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    FAST GREEN FCF

    EXPLANATION

         Fast Green FCF was evaluated at the twenty-fifth meeting of the
    Committee (Annex 1, reference 56) when inadequacies were identified in
    earlier long-term feeding studies in rats and mice. The previously-
    allocated ADI was converted to a temporary ADI of 12.5 mg/kg b.w.
    pending the results of adequate long-term feeding studies and
    multigeneration reproduction/teratogenicity studies.

         Since the previous evaluation, additional data have become
    available and are summarised and discussed in the following monograph.
    The previously-published monograph has been expanded and is reproduced
    in its entirety below.

    BIOLOGICAL DATA

    Biochemical aspects

         Rats and dogs were given orally 200 mg of the colour. In the rats
    the urine and faeces were collected for 36 hours. In the dogs, a bile
    fistula was made for bile analysis. Almost all the administered colour
    was excreted unchanged in the faeces of rats. No colour was found in
    the urine. In the bile of the dogs, the amount of colour never
    exceeded 5% of the given dose. After feeding, the colour was found in
    the bile of rats and rabbits, but not in their urine. It was concluded
    that the quantity found in the bile provides a reasonable estimate of
    the amount absorbed from the gastrointestinal tract (Hess & Fitzhugh,
    1953; 1954; 1955).

         Following i.v. injection in rats, over 90% of the colour was
    excreted in the bile within 4 hours (Iga et al., 1971).

         Fast Green FCF was found to have a high binding affinity for
    plasma protein (Gangolli et al., 1967; 1972; Iga et al., 1971).

    Toxicological studies

    Special studies on carcinogenicity (see also long-term studies)

    Mice

         Groups of 60 (120 controls) male and female Charles-River CD-1
    mice were fed diets containing 0, 0.5, 1.5, or 5.0% Fast Green FCF
    from 43 days of age for approximately 24 months. Ten animals/sex/group
    were subjected to haematological examination at 3, 6, 12, and 18
    months. All animals dying or killed in a moribund condition and all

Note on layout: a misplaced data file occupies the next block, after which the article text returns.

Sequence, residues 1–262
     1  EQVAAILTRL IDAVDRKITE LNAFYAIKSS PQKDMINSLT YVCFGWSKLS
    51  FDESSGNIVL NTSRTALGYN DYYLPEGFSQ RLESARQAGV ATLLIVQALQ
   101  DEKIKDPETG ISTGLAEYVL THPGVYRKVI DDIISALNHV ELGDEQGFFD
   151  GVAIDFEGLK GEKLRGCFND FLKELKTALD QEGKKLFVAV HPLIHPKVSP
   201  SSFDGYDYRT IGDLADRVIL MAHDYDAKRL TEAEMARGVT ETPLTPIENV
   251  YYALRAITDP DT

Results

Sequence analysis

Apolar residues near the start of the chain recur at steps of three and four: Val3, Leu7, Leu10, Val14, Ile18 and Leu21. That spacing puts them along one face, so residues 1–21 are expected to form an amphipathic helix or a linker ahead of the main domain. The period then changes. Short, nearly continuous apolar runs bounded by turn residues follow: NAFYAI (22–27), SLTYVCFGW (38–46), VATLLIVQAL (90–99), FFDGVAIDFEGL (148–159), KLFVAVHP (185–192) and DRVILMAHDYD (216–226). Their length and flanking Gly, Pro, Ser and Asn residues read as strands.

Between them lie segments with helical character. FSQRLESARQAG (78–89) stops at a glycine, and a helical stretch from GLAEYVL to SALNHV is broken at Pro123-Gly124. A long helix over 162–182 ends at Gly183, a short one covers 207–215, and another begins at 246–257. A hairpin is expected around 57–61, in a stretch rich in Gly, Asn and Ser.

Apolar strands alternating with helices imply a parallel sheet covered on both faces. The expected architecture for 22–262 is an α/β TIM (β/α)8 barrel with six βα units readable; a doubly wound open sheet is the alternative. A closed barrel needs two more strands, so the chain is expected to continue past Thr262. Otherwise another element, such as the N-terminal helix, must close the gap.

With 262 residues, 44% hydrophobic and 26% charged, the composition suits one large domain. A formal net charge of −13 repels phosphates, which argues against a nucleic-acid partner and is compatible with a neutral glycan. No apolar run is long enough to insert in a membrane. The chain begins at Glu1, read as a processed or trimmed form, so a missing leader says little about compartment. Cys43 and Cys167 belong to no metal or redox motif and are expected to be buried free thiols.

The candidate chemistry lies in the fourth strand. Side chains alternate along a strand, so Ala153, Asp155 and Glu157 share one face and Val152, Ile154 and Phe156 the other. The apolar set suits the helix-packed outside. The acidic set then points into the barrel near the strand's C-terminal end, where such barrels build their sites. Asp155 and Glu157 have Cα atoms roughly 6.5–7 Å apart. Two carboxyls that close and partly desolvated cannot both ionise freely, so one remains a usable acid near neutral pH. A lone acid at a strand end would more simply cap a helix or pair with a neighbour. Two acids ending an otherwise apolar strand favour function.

survivors to termination were subjected to detailed post-mortem

    examination. The following tissues were examined histologically from
    all survivors from the control and 5%-dose groups as well as all
    animals dying or killed in extremis from these groups: adrenals,
    aorta, bone and marrow (femur), brain (3 sections), eyes (with optic
    nerve), gall bladder, gastrointestinal tract (oesophagus, stomach,
    duodenum, ileum, caecum, colon), heart, kidneys, liver, lung, lymph
    nodes (mesenteric and mediastinal), mammary gland, nerve (sciatic),
    ovaries, pancreas, pituitary, prostate, salivary gland, seminal
    vesicles, skeletal muscle, skin, spinal cord, spleen, testes with
    epididymides, thymus, thyroid/parathyroid, trachea, urinary bladder,
    uterus, and gross lesions/tissue masses. In addition, gross
    changes/tissue masses were examined histologically from all animals in
    the lower-dose groups.

         No treatment-related effects on mortality were observed. The mean
    body weights of females in the 5%-dose group were consistently lower
    than controls and the mean body weights of males in the 5%-dose group
    were lower than controls at weeks 52 and 78. No other consistent
    differences in body weight were noted. Slight reductions in
    haemoglobin, haematocrit, and erythrocyte counts were noted in the
    high-dose males at 18 months but no other consistent or dose-related
    haematological changes were observed. Histological examination did not
    reveal any treatment-related lesions and the incidence, origins,
    and histology of benign and malignant neoplasms did not differ
    significantly between controls and treated animals (Hogan & Knezevich,
    1981).

    Rats

         Eighteen weanling Osborne-Mendel rats of both sexes received
    weekly s.c. injections of approximately 30 mg (1 ml of a 3% aqueous
    solution) of Fast Green FCF for 94-99 weeks. Subcutaneous
    fibrosarcomas appeared at the site of injection in 15 animals (Nelson
    & Hagan, 1953; Hansen et al., 1966).

         Two groups of 16 female rats (control groups of 10 rats) were
    given s.c. injections of 0.5 ml of a 3% or 6% solution (the rats
    received with each injection 15 or 30 mg, respectively). The colour
    used in the experiment was certified as 92% pure and was supplied as
    the disodium sulfonate salt. The 10 control rats were given distilled
    water injections. At first, injections of 6% were given 3 times a
    week; after 17 weeks it became necessary to reduce the dose to 3%.
    Thereafter, both groups were given injections of 3% twice weekly for
    9 weeks. The rest of the time, 22 weeks, both groups were injected
    usually once a week, while occasionally 2 injections were tolerated.
    Growth inhibition was observed. Thirteen out of 16 animals receiving
    6% of the colour had fibrosarcomas. The animals given 3% also showed
    fibrosarcomas (10 out of 12). The controls did not show neoplastic
    tissue at the site of injection (Hasselbach & O'Gara, 1960).

         Subcutaneous injection of 1 ml of an 0.8% solution twice weekly
    produced histological changes suggestive of subsequent sarcoma
    formation unassociated with chemical carcinogenic potential (Grasso &
    Golberg, 1966).

         No tumours were produced in 11 hamsters injected with 1 mg of the
    dye in 0.1 ml water (Price et al., 1978).

         A carcinogenicity study with an in utero phase was carried out